Quickfit can retrofit periodlooking seatbelts that will not look out of place.

    In making the Cabrio, Baur adapted the rear seatbelts of the E21 saloon. The saloon’s mounting points are fixed to the rear pillars but, in the Cabrio, the belt housings were moved to a position in the boot, under the rear parcel shelf. This required parts to be made specifically for the Baur, and they are now extremely hard to find. Quickfit also advised that the webbing itself needed to be changed, as well as the reels and mechanisms.

    The result is that all the seatbelts now work perfectly.

    Above and left #Quickfit-SBS made up new seatbelts from scratch to fit the Baur, which has unique mountings in the boot space for the rear belts; Baur’s red paint glows against the backdrop of a WW2 hangar at Bicester Heritage.
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    Time to get the rot sorted

    CAR: 1981 BMW 323i TOP CABRIO
    OWNER: Sanjay Seetanah

    / #1981 / #BMW-323i-Top-Cabrio / #BMW-323i-Top-Cabrio-E21 / #BMW-323i-Cabrio-E21 / #BMW-323i-E21 / #BMW-E21 / #BMW-3-Series / #BMW-3-Series-E21 / #BMW-3-Series-Cabrio / #BMW-3-Series-Cabrio-E21 / #BMW / #M20B23 / #BMW-M20 / #M20 / #BMW / #BMW-323i-Baur / #BMW-323i-Baur-E21 / #BMW-323i-Baur-Cabriolet / #BAUR / #1981-BMW-323i / #1981-BMW-323i-E21 / #1981-BMW-323i-Baur / #Bosch-K-Jetronic

    The original pitch from the advertising agency that proposed BMW’s now legendary slogan was made back in 1974 and was therefore used in the various campaigns for the launch of the new E21 in 1976. But is there any truth in it? Was it really the #Ultimate-Driving-Machine ?

    The Baur is a fantastic little car and such great fun to drive, with oodles of power. I have enjoyed using it so much that it has become my everyday car; there is only one set of keys I look for whenever I go out (without being disloyal to the DB7, of course). It is so perfectly at home on modern roads and motorways that it is hard to believe that this is a car designed in the early ’70s; it feels so comfortable in all conditions. The driving position is excellent with good visibility all-round, and on motorways the car is very quiet inside the cabin, unbelievably so for a convertible built 35 years ago. This car must have been so over-engineered in its day.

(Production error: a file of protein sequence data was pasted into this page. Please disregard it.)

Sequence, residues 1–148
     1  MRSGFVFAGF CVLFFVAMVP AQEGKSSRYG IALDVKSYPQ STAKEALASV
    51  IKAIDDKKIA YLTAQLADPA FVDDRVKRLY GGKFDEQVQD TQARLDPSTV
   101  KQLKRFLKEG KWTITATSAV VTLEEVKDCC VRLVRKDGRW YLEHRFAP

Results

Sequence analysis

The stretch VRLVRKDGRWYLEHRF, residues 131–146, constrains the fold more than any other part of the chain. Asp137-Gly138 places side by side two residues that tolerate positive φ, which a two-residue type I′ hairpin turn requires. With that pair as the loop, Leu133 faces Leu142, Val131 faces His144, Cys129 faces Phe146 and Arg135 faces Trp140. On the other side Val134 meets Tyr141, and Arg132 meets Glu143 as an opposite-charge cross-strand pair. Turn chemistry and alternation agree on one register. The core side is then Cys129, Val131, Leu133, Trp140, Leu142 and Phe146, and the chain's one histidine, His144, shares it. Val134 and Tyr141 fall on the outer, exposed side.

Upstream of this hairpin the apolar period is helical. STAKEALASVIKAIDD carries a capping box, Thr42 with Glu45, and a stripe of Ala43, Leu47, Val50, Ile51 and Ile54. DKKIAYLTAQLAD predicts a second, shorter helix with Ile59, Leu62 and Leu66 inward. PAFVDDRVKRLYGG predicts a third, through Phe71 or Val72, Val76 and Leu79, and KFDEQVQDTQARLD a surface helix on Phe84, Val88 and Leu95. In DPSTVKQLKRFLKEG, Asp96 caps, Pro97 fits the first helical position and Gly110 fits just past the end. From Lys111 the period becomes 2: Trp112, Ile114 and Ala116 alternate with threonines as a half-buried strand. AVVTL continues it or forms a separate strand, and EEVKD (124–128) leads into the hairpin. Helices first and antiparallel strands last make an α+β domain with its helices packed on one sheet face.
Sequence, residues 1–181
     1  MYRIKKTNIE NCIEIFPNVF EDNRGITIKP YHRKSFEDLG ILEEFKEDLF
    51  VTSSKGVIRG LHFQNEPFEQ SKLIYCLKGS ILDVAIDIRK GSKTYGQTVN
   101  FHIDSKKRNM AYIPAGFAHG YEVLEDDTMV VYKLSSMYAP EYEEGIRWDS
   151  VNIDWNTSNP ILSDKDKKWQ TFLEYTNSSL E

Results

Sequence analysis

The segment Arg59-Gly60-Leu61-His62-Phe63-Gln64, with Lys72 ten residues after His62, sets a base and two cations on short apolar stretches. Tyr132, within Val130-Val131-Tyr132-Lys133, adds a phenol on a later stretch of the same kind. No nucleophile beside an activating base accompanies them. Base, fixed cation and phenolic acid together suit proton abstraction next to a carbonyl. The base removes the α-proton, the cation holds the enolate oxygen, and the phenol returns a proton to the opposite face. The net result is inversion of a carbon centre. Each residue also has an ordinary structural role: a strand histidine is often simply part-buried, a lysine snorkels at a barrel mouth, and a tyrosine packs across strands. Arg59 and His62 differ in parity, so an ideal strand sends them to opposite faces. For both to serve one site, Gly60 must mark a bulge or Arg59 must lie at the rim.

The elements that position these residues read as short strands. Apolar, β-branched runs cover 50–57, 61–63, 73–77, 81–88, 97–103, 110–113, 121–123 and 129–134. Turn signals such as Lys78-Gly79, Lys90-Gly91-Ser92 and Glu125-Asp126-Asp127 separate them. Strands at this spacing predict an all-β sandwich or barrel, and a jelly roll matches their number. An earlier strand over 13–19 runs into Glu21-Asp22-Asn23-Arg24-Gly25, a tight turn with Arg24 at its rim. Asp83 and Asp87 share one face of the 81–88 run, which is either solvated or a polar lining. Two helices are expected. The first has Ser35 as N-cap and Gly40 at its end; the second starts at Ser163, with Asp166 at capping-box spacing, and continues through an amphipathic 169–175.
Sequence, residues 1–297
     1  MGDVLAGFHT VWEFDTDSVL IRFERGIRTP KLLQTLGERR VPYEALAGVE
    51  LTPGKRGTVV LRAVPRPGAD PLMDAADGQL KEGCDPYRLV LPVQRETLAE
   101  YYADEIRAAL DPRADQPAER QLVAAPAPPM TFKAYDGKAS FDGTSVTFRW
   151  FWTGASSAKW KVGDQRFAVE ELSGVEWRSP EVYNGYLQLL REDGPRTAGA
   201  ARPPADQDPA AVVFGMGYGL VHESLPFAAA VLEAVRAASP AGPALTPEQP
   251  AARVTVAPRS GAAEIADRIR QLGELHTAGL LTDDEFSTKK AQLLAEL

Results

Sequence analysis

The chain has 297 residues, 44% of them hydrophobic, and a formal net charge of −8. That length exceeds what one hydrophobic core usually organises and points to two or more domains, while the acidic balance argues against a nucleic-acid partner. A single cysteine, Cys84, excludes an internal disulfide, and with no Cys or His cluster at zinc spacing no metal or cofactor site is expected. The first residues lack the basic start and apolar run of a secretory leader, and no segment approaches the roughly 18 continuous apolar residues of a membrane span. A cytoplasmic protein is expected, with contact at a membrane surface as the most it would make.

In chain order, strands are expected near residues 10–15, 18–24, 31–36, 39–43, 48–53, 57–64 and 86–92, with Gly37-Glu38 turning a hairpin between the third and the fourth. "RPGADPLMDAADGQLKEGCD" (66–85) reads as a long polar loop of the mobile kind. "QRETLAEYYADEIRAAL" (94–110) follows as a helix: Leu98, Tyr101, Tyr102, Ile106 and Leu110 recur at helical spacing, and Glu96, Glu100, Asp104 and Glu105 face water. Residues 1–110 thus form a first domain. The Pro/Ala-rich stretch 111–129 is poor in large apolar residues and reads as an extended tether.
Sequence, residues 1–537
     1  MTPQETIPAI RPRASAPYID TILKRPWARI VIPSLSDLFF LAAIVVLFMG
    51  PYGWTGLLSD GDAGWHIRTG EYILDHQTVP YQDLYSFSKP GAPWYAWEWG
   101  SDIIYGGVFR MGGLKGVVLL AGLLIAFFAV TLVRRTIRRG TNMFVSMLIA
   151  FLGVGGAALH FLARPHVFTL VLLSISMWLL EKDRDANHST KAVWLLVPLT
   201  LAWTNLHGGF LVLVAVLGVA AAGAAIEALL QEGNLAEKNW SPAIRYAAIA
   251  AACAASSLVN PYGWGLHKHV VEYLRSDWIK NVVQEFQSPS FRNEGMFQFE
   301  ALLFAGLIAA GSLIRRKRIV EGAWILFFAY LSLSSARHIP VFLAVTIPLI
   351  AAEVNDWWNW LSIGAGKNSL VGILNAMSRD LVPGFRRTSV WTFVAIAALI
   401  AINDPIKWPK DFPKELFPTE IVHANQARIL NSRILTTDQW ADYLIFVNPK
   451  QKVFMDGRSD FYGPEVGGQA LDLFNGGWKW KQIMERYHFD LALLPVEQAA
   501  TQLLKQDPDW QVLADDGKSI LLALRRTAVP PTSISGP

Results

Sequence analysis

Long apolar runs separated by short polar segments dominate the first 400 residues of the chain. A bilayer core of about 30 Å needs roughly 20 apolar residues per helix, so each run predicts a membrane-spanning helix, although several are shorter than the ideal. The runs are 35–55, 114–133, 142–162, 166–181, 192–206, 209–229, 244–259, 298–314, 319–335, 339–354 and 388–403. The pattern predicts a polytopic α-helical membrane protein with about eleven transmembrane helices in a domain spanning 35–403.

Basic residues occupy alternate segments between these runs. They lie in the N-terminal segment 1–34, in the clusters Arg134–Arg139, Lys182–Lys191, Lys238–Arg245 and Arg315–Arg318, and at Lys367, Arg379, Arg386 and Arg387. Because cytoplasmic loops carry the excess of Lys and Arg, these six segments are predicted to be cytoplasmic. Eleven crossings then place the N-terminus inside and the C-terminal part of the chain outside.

BMW even had an ad campaign claiming that, with the top down and driving in the rain, the design of the ‘targa’ roof meant that you would still stay dry inside the cabin, as the rain would be deflected away. I will put that to the test in due course.

    As you can see, I am full of praise for the 323i and rightly so I think. What other five-seater convertibles were there in the early ’80s that boasted disc brakes all-round (vented at the front), a 143bhp six-cylinder engine with five-speed gearbox, 0-60mph in 8 seconds, a top speed of 120mph, and driver comforts such as central locking, electric mirrors, three-speed windscreen wipers and even headlight wipers. This car was so far ahead of its competitors that I think BMW had every right to use that ‘Ultimate Driving Machine’ slogan.

    At £12,000 new it wasn’t cheap but it meant you were driving what was probably one of the most well-engineered cars of its day. That price also meant that it appealed to owners who could afford to maintain them. I am lucky to have found one that I know has been very well looked after and garaged for much of its life. That said, the model suffered from corrosion and, although mine looked OK, it was impossible to tell what was lurking beneath. There was superficial rust all over the bodywork, not terrible but I could see that some work needed to be done. As winter approached I was faced with a dilemma: should I face up to it now or wait another year?

    A chance meeting with Chedeen Battick, owner of Slough restoration company Automo (www.automo.co), set the cat among the pigeons.

    Chedeen and I met at the launch of a car he had designed for a Jaguar re-creation manufacturer. The work that he had engineered was impressive, so when he said that he had been let down on a job and could get my car in to take a closer look at the paintwork, I couldn’t turn down the opportunity.

    The plan is to strip it down to see what needs to be done. I’ll report back next time but I am very excited about the prospect of getting the bodywork sorted out.

    THANKS TO BMW Classic Group, www.realoem.com.
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  • Post is under moderation
    Fine tuning 1981 BMW 323i

    TOP CABRIO SANJAY SEETANAH

    / #1981 / #BMW-323i-Top-Cabrio / #BMW-323i-Top-Cabrio-E21 / #BMW-323i-Cabrio-E21 / #BMW-323i-E21 / #BMW-E21 / #BMW-3-Series / #BMW-3-Series-E21 / #BMW-3-Series-Cabrio / #BMW-3-Series-Cabrio-E21 / #BMW / #M20B23 / #BMW-M20 / #M20 / #BMW / #BMW-323i-Baur / #BMW-323i-Baur-E21 / #BMW-323i-Baur-Cabriolet / #BAUR / #1981-BMW-323i / #1981-BMW-323i-E21 / #1981-BMW-323i-Baur / #Bosch-K-Jetronic